Our firstborn is 3 months old now and in case you weren't already aware, parenting is a full-time job. But I already have a full-time job! It feels like we need more hours in the day just to keep up.
In business, this is a good problem to have; too much work means it's time to hire. So that's exactly what we did.
Nicholas is a high school sophomore with three weeks of school left before summer break. Catie met his mother at the neighborhood book (wine) club. I met Nicholas today and he seems like a very respectful and diligent young man.
We hired Nicholas to mow our lawn.
Yes, we could still mow our own lawn. And yes, this triggers some protestant-work-ethic-induced guilt in me. But now more than ever, our time is precious and any help is a big help.
Plus, we get the opportunity to support local kid business! That's the part I'm most excited about. My brother Dan and I ran a lawn business as kids. He mowed and I whacked the weeds. We reinvested some of our revenue back into the company to buy a new gas-powered weed whacker. It was fun, and we learned a lot about business!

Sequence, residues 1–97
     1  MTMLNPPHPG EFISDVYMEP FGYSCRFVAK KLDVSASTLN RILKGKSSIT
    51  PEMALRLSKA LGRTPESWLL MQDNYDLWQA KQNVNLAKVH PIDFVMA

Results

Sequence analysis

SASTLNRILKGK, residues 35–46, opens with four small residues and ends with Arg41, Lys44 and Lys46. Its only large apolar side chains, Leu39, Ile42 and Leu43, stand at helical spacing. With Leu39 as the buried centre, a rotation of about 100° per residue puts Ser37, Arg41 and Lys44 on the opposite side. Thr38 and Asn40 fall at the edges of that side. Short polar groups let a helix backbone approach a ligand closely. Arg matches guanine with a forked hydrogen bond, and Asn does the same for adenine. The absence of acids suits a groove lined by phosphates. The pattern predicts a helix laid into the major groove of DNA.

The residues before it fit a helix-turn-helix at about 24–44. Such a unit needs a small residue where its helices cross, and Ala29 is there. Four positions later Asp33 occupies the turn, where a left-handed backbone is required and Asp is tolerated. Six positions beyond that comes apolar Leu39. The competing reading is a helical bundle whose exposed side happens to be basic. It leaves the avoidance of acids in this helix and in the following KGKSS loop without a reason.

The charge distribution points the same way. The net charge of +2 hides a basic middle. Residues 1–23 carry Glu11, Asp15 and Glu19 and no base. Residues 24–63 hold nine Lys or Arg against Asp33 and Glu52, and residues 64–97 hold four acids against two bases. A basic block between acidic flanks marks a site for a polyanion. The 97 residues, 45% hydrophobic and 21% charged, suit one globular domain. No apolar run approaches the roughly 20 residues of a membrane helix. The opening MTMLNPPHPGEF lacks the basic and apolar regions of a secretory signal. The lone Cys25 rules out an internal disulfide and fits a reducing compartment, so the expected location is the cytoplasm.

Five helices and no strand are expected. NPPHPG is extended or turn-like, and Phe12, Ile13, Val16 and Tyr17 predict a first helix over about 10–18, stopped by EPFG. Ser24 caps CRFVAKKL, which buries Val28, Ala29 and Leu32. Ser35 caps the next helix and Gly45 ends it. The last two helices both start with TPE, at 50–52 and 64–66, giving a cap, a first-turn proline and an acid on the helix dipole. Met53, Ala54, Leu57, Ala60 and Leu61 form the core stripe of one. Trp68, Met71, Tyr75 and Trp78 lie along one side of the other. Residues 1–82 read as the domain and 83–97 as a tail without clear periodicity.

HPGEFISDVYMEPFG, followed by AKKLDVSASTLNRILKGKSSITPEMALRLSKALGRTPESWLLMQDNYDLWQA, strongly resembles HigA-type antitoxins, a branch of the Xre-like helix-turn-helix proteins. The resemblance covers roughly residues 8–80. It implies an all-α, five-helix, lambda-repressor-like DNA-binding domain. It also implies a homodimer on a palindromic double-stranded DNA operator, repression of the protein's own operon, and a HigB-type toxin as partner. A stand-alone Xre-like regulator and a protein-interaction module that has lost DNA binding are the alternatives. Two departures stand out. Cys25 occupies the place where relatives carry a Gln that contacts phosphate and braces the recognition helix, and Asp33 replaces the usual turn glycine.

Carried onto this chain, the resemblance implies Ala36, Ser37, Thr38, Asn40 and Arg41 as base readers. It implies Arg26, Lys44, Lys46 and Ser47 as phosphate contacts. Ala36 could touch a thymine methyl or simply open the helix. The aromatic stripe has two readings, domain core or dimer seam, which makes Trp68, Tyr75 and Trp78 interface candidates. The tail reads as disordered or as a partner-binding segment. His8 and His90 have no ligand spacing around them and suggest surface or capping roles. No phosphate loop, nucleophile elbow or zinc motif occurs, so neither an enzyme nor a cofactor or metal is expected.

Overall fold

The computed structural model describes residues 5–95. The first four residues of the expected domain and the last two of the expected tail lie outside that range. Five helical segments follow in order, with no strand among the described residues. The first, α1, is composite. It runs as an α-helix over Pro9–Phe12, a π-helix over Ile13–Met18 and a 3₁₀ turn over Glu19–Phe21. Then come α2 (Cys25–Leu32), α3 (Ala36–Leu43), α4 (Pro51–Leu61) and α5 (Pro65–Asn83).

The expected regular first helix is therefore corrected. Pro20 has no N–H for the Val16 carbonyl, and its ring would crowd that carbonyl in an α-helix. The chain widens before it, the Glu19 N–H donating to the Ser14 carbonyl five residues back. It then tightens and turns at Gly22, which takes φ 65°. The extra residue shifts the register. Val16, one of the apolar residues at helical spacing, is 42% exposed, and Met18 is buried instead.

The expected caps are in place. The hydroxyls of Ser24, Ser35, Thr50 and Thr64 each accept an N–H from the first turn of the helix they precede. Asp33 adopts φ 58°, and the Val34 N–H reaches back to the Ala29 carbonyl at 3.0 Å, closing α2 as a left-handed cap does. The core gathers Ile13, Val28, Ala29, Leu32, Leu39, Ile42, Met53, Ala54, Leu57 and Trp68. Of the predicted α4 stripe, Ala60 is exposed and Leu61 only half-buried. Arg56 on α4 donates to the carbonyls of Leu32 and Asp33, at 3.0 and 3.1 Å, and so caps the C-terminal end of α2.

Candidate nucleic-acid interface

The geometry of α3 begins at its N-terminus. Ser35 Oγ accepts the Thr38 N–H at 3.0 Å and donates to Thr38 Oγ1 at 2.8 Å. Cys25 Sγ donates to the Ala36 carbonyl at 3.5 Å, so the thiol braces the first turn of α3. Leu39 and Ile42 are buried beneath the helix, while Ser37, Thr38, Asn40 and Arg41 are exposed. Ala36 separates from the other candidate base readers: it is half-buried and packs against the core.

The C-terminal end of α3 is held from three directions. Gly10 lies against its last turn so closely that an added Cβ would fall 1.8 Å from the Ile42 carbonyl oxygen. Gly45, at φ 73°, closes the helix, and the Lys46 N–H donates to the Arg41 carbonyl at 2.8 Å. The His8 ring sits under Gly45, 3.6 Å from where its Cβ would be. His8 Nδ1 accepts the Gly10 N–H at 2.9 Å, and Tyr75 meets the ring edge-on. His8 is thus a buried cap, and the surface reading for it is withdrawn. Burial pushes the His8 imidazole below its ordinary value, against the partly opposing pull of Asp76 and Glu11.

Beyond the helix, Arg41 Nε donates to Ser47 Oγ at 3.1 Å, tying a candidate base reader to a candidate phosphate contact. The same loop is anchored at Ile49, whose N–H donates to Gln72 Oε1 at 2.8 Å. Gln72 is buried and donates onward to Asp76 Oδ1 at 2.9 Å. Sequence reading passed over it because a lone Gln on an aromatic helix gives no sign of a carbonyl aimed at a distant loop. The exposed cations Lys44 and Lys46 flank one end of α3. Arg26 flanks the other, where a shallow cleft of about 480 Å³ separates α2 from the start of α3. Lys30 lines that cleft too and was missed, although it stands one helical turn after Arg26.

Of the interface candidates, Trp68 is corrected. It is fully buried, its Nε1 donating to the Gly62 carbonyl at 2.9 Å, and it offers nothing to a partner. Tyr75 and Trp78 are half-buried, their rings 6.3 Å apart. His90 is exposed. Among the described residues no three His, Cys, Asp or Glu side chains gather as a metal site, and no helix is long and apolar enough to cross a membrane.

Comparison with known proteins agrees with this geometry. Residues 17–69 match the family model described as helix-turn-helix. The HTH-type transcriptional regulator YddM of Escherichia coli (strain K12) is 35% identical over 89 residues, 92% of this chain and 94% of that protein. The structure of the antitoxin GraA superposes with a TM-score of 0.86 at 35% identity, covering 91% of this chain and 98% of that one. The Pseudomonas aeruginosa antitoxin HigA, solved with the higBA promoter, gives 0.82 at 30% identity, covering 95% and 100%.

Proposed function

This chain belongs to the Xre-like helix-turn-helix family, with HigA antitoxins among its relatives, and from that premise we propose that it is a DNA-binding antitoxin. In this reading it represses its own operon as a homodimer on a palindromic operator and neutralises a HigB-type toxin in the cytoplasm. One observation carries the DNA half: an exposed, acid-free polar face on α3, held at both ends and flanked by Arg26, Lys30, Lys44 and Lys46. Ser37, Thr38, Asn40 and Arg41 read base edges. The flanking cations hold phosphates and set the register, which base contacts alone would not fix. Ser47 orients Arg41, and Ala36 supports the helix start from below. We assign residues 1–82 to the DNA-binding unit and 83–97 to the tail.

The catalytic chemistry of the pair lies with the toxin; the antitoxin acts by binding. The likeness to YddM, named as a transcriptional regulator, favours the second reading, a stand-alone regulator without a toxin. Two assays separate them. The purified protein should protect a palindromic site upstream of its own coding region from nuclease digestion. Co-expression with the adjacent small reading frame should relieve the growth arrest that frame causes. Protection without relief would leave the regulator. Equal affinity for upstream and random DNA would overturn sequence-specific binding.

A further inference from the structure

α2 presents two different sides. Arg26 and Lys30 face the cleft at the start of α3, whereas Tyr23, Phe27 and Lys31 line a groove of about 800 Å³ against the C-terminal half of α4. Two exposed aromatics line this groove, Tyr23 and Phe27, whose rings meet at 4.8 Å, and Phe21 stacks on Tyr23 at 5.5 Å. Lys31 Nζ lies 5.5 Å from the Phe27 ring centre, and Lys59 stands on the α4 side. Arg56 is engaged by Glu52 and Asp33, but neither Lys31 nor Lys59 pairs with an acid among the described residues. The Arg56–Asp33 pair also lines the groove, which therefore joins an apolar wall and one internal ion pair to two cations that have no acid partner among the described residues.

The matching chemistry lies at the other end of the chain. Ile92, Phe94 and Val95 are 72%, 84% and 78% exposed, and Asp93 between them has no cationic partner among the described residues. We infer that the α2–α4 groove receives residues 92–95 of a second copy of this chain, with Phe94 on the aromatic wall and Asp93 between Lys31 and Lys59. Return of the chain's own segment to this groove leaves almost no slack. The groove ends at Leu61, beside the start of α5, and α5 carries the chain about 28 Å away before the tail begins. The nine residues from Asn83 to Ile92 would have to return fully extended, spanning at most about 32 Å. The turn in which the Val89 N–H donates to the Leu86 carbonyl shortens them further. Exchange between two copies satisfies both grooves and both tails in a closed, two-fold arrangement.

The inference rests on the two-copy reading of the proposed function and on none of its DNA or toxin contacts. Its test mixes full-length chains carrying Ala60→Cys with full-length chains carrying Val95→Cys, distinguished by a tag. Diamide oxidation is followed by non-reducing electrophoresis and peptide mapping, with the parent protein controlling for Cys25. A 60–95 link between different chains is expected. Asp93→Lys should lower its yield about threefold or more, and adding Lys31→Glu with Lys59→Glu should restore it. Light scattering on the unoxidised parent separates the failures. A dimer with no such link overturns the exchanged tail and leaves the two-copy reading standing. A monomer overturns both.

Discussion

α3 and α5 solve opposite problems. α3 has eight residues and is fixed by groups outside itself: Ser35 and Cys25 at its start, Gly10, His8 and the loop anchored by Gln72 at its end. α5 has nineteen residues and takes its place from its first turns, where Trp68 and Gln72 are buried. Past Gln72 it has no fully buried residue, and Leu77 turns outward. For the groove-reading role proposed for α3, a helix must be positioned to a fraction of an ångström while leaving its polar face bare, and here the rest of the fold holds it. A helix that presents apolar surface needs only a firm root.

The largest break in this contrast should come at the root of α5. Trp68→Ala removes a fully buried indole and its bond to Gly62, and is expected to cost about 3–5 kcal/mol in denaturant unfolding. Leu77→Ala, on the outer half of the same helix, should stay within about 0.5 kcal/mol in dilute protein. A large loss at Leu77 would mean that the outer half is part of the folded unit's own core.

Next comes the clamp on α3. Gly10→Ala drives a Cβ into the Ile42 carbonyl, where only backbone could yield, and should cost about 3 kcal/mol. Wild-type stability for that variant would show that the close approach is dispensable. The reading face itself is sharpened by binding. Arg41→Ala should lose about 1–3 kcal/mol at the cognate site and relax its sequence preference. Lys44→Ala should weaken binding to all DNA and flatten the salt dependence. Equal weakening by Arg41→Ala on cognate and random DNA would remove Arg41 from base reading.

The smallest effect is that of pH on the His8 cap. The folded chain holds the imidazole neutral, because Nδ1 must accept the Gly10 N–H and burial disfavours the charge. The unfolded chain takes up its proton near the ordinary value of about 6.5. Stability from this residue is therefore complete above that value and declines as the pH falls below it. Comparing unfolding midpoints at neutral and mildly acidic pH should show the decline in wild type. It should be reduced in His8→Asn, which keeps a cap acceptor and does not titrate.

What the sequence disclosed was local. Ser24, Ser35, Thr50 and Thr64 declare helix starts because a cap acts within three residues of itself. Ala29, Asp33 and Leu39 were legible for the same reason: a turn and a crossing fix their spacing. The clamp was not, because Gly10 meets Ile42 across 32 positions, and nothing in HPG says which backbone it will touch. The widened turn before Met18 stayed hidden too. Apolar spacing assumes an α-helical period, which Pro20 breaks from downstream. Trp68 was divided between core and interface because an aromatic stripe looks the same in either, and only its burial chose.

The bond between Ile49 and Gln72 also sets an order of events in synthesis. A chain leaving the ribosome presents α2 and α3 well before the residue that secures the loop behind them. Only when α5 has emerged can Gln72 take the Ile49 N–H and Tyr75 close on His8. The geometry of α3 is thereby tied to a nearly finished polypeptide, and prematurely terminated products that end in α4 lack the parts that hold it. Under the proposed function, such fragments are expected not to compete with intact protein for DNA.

Last week, I told my friend Andrew that we were thinking about hiring the neighborhood kid and he really perked up. He told me how he mowed lawns when he was a kid and that one of his clients made him generate a proper, printed invoice describing the services provided or else… he wouldn't get paid! This client had all sorts of funny little requirements that in hindsight were clearly more for Andrew's benefit than his own.
I love that.
Nicholas is starting a business with us as his only client so I feel a responsibility to be a good client. I think my next step is to have him invoice his work. After that, I want to negotiate terms and pricing for him to mow and trim.
What do you think? What lessons did you learn from your childhood businesses? How can we build a business relationship with Nicholas that will help him learn those lessons?